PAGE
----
Enterprise Integration Patterns

Enterprise Integration Patterns is a book by Gregor Hohpe and Bobby Woolf and describes 65 patterns for the use of enterprise application integration and message-oriented middleware in the form of a pattern language.

Enterprise Integration Patterns: Designing, Building, and Deploying Messaging Solutions
Enterprise Integration Patterns.jpg
AuthorGregor Hohpe and Bobby Woolf
LanguageEnglish
SeriesMartin Fowler Signature Series
SubjectEnterprise integration pattern
GenreNon-fiction, Software development
Published10 October 2003
ISBN978-0321200686

The integration (messaging) pattern languageEdit

The pattern language presented in the book consists of 65 patterns structured into 9 categories, which largely follow the flow of a message from one system to the next through channels, routing, and transformations. The book includes an icon-based pattern language, sometimes nicknamed "GregorGrams" after one of the authors. Excerpts from the book (short pattern descriptions) are available on the supporting website (see External links).

Integration styles and typesEdit

The book distinguishes four top-level alternatives for integration:

  1. File Transfer
  2. Shared Database
  3. Remote Procedure Invocation
  4. Messaging

The following integration types are introduced:

  • Information Portal
  • Data Replication
  • Shared Business Function
  • Service Oriented Architecture
  • Distributed Business Process
  • Business-to-Business Integration
  • Tightly Coupled Interaction vs. Loosely Coupled Interaction

MessagingEdit

  • Message Channel
  • Message
  • Pipes and Filters
  • Message Router
  • Message Translator
  • Message Endpoint

Message ChannelEdit

  • Point-to-Point Channel
  • Publish-Subscribe Channel
  • Datatype Channel
  • Invalid Message Channel
  • Dead Letter Channel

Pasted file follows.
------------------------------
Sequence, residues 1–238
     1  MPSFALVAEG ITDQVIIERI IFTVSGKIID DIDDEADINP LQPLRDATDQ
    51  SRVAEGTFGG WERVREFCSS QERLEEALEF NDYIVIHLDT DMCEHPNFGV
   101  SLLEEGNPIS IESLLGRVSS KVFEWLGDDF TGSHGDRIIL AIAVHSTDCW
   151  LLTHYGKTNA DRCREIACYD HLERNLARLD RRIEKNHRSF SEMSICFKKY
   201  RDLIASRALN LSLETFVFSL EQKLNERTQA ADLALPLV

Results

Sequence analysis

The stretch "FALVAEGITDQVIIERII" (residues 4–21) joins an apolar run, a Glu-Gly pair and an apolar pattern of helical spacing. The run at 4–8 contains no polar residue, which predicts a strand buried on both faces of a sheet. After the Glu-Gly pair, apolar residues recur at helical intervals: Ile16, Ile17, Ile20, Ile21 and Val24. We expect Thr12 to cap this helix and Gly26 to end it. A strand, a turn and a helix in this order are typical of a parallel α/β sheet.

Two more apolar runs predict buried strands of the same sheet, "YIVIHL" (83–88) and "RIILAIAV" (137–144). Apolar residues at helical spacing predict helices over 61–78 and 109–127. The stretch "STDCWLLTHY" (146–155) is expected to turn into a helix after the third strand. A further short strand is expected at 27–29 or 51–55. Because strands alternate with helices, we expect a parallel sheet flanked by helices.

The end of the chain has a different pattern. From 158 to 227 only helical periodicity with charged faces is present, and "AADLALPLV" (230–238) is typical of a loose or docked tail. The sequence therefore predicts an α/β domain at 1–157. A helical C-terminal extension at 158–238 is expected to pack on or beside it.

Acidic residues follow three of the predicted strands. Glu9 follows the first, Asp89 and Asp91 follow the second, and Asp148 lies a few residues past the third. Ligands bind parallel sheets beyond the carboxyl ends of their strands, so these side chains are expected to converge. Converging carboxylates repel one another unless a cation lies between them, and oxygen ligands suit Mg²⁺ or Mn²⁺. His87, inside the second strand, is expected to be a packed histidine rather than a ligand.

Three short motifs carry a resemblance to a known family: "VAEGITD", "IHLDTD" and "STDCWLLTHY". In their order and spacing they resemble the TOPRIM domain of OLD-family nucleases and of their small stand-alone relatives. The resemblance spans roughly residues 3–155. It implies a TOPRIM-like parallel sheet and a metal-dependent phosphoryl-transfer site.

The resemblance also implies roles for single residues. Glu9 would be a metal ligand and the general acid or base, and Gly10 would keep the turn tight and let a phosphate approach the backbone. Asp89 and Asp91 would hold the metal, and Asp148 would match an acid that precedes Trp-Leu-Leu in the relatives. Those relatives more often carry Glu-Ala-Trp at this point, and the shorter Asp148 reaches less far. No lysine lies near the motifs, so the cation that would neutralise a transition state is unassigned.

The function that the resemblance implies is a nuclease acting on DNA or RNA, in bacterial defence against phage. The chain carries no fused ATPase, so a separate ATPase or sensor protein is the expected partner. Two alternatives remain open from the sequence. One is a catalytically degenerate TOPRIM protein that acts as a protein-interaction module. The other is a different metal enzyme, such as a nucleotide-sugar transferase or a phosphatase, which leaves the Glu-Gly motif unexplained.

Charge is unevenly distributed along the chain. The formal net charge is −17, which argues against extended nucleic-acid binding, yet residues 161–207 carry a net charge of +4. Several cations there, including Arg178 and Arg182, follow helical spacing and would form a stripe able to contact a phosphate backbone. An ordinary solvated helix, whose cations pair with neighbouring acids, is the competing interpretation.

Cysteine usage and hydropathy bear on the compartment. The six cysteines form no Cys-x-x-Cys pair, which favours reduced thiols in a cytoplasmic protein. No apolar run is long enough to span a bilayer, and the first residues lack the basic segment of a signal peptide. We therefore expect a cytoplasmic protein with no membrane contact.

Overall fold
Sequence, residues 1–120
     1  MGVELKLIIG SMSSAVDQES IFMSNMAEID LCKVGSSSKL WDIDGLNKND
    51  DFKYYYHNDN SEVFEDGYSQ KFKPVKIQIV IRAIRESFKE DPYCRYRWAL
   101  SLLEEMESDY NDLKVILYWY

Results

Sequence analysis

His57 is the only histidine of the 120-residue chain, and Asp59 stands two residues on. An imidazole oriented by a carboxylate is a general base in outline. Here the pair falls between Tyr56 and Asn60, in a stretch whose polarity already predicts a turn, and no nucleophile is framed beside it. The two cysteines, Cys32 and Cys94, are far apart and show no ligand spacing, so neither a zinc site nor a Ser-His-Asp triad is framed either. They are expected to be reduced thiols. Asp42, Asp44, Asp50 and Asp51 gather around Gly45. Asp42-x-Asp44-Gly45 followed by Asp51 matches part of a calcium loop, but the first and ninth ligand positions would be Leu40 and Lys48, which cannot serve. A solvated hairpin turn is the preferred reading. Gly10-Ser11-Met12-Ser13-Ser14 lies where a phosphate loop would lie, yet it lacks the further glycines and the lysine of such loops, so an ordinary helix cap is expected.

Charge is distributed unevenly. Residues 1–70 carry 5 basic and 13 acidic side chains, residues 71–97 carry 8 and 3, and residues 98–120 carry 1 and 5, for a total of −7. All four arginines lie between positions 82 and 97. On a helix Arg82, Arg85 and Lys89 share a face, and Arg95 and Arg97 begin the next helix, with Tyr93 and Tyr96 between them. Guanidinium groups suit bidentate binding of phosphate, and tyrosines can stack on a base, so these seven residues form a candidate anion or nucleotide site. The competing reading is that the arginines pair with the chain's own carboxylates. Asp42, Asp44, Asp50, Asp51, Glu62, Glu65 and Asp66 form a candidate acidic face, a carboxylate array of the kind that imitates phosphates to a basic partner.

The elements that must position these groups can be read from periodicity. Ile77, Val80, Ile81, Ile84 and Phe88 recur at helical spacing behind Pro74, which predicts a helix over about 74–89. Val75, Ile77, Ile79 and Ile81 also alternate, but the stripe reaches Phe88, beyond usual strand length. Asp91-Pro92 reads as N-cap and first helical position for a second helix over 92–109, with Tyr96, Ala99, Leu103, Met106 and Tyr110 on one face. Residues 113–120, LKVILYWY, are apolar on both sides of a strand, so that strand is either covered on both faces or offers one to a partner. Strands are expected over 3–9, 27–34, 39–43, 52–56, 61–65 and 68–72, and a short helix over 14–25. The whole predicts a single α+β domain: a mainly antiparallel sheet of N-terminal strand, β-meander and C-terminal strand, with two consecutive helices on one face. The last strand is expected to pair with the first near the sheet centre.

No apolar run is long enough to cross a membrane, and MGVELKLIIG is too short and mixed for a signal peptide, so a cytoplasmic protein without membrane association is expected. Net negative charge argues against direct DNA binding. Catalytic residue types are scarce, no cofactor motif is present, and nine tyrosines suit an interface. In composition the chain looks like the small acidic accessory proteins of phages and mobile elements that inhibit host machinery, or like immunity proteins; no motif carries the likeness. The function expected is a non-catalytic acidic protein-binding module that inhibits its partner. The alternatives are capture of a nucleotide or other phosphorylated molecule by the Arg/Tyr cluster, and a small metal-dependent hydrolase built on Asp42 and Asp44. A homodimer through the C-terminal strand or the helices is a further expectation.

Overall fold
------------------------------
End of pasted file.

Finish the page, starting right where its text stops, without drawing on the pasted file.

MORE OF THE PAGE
• Guaranteed Delivery
  • Channel Adapter
  • Messaging Bridge
  • Message Bus

Message ConstructionEdit

  • Command Message
  • Document Message
  • Event Message
  • Request-Reply
  • Return Address
  • Correlation Identifier
  • Message Sequence
  • Message Expiration
  • Format Indicator

Message RouterEdit

  • Content-Based Router
  • Message Filter
  • Dynamic Router
  • Recipient List
  • Splitter
  • Aggregator
  • Resequencer
  • Composed Message Processor
  • Scatter-Gather
  • Routing Slip
  • Process Manager
  • Message Broker

Message TransformationEdit

  • Envelope Wrapper
  • Content Enricher
  • Content Filter
  • Claim Check
  • Normalizer
  • Canonical Data Model

Message EndpointEdit

  • Messaging Gateway
  • Messaging Mapper
  • Transactional Client
  • Polling Consumer
  • Event-Driven Consumer
  • Competing Consumers
  • Message Dispatcher
  • Selective Consumer
  • Durable Subscriber
  • Idempotent Receiver
  • Service Activator

System ManagementEdit

  • Control Bus
  • Detour
  • Wire Tap
  • Message History
  • Message Store
  • Smart Proxy
  • Test Message
  • Channel Purger

The pattern language continues to be relevant as of today, for instance in cloud application development and integration, and in the internet of things. In 2015, the two book authors reunited—for the first time since the publication of the book—for a retrospective and interview in IEEE Software.[1]

ImplementationEdit

Enterprise Integration Patterns are implemented in many open source integration solutions. Notable implementations include Spring Integration, Apache Camel, Red Hat Fuse, Mule ESB and Guaraná DSL.

See alsoEdit

ReferencesEdit

  1. ^ Zimmermann, Olaf; Pautasso, Cesare; Hohpe, Gregor; Woolf, Bobby (2016). "A Decade of Enterprise Integration Patterns: A Conversation with the Authors". IEEE Software. 33 (1): 13–19. doi:10.1109/MS.2016.11.

External linksEdit